Pizza companies reject Papa John’s criticism of NFL over sales downturn

Pizza companies reject Papa John’s criticism of NFL over sales downturn
After Papa John’s CEO John Schnatter blamed the National Football League’s (NFL) anthem protests for falling sales, other pizza companies have rejected any idea of a negative effect on their businesses.

Pizza Hut, an official sponsor of the National Collegiate Athletic Association (NCAA), said it had seen no impact from the ‘take a knee’ protests, and that the company’s sales had actually grown during the last quarter, beating Wall Street expectations.

Greg Creed, the CEO of Pizza Hut's parent company, Yum Brands, said during an earnings conference call with investors on Thursday that the chain “wasn't seeing any impact from the controversy on its business” and that the company turned a profit from live broadcast events including baseball, college football, and professional football, Business Insider reported.

"So I just feel good about the performance we are making, the steady progress we are making. We are making the brands more distinctive, more relevant and easier,” Creed said.

“And I think all of that is going to help us get to the long-term goal."

A financial report released by Yum Brands demonstrated growth for the fifth straight sales quarter, exceeding expectations. The company’s global same-store sales increased by 3 percent and its share revenue reached $1.44 billion against $1.39 billion expected.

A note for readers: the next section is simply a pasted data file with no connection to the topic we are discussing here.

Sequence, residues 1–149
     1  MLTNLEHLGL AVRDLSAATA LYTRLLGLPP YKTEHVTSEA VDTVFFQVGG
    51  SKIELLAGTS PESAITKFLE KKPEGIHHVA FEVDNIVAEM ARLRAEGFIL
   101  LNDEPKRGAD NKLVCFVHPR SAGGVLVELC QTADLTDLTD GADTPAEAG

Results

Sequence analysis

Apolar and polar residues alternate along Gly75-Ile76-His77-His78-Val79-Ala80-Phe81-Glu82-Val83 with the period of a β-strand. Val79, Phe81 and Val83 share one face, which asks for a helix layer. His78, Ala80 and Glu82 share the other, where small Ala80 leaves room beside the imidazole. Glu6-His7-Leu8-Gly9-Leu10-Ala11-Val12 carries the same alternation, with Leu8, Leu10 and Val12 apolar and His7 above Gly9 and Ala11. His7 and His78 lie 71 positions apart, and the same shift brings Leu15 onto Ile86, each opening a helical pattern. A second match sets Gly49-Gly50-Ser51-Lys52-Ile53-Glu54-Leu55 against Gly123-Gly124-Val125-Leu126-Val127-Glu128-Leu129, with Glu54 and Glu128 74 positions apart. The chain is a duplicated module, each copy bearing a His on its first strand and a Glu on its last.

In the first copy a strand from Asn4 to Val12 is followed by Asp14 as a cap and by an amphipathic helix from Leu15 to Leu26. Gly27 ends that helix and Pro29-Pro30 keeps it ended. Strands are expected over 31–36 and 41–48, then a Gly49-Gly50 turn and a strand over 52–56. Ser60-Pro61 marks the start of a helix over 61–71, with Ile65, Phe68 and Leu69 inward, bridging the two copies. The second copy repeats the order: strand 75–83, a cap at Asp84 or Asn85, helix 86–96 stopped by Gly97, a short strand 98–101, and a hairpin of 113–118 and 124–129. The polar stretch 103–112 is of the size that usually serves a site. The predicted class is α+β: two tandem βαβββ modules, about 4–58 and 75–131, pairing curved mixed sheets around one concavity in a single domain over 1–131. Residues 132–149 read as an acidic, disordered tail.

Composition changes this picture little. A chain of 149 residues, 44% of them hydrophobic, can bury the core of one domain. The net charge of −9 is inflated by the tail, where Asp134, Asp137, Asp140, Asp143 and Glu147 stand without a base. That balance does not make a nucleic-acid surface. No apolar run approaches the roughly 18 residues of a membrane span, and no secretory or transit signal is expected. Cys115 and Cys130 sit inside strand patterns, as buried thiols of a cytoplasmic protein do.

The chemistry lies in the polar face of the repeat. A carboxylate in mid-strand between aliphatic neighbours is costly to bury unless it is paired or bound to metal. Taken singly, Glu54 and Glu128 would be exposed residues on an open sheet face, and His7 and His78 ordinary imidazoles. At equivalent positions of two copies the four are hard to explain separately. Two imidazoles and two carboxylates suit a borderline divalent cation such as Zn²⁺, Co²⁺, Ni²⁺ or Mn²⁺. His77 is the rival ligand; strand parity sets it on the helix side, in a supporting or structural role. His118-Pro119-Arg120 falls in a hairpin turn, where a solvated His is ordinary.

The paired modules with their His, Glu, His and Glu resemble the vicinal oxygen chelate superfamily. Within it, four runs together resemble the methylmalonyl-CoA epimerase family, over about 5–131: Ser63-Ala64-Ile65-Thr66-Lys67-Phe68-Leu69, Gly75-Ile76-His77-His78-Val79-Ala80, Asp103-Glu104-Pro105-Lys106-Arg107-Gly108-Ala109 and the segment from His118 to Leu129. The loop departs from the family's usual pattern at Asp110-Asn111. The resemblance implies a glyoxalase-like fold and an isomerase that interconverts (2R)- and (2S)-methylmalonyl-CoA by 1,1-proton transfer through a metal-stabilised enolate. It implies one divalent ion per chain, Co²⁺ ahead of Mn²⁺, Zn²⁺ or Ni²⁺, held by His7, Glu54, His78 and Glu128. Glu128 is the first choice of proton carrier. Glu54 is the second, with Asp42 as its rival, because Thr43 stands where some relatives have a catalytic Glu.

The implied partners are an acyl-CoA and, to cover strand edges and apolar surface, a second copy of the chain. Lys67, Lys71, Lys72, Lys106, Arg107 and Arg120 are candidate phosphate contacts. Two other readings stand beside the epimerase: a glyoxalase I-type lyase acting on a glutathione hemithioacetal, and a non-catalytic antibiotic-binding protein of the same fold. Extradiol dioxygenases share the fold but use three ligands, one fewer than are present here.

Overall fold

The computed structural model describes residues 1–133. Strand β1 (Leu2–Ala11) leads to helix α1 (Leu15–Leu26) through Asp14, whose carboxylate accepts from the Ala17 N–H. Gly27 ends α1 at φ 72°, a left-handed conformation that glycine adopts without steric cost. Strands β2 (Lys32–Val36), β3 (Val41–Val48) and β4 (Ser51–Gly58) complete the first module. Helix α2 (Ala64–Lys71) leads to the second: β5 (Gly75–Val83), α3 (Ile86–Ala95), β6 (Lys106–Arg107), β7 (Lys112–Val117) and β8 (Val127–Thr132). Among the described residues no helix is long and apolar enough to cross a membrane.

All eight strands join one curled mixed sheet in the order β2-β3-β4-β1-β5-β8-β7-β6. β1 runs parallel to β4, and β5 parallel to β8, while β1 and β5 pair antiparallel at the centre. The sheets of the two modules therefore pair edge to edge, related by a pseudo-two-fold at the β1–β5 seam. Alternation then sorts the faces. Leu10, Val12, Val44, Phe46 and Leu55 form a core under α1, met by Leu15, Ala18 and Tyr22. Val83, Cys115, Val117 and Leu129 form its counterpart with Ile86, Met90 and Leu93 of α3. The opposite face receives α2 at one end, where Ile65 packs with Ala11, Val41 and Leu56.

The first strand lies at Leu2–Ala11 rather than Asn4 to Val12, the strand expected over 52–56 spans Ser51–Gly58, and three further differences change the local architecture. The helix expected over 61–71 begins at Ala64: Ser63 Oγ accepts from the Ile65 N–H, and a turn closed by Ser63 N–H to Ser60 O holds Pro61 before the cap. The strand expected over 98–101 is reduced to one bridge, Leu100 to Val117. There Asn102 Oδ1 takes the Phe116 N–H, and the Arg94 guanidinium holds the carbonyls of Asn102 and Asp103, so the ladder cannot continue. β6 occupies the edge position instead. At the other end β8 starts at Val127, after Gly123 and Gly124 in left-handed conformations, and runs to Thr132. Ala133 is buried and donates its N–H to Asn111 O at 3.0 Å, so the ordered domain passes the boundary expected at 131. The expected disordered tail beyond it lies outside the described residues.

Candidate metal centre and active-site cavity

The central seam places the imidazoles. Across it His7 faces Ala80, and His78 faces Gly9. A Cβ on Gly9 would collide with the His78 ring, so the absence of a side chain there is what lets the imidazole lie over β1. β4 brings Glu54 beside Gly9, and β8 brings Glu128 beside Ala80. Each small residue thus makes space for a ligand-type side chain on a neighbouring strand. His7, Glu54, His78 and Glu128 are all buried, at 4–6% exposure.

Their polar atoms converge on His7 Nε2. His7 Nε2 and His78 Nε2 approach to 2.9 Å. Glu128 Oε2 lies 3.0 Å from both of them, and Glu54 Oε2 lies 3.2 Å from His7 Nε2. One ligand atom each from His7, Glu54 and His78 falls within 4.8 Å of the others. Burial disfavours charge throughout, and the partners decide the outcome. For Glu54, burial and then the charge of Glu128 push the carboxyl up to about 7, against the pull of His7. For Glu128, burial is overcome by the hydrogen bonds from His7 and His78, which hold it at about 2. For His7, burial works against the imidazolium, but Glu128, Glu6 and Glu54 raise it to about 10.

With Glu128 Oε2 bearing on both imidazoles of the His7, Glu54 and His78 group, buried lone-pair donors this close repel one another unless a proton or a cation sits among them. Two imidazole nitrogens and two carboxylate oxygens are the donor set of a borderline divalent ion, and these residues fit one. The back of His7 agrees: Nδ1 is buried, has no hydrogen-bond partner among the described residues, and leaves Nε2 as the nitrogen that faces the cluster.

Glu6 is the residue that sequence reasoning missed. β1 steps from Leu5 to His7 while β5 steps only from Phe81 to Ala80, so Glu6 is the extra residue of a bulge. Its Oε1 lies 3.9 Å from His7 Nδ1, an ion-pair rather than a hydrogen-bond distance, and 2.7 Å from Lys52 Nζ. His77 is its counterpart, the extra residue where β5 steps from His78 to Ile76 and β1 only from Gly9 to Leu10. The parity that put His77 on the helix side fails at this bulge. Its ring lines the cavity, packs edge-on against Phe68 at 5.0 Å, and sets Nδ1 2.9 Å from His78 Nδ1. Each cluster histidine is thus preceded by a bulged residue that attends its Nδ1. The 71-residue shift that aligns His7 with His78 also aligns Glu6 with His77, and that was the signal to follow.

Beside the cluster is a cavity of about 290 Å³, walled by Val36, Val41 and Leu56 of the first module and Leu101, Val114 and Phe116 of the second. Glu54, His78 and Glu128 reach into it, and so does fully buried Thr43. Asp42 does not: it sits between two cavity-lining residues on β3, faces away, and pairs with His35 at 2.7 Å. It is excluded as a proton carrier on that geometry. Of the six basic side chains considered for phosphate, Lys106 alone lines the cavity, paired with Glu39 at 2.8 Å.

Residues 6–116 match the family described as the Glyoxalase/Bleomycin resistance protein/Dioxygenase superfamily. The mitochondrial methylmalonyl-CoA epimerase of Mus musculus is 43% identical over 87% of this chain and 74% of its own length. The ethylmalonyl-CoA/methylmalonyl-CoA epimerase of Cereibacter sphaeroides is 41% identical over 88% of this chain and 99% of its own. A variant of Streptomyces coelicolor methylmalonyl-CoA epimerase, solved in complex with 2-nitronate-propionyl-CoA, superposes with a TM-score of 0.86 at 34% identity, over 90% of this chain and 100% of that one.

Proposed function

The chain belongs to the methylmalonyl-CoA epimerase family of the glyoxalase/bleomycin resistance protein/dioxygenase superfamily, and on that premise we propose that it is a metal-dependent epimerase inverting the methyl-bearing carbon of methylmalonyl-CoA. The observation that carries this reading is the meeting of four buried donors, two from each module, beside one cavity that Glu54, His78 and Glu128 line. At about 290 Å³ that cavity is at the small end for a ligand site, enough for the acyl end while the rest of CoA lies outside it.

On Wednesday, Papa John’s boss Schnatter, who has been cooperating with the NFL for seven years, criticized the league for its inability to tackle the anthem protests issue, which he said had led to the company’s sales slump.

“The NFL has hurt us by not resolving the current debacle. We are disappointed the NFL and its leadership did not resolve this,” Schnatter said on a conference call on Wednesday.

“Leadership starts at the top, and this is an example of poor leadership,” Schnatter added.

DiGiorno Pizza, a frozen pizza brand, also responded to Schnatter’s criticism by posting a tweet depicting two slices of pizza, where the first one labeled “us” indicated growth, while the second one, labeled “them,” showed a decline in sales.

DiGiorno Pizza also changed the company’s Twitter bio by adding the slogan "Better Pizza. Better Sales. It's DiGiorno," hinting that pizza sales are much more dependent on the product’s quality rather than on external factors.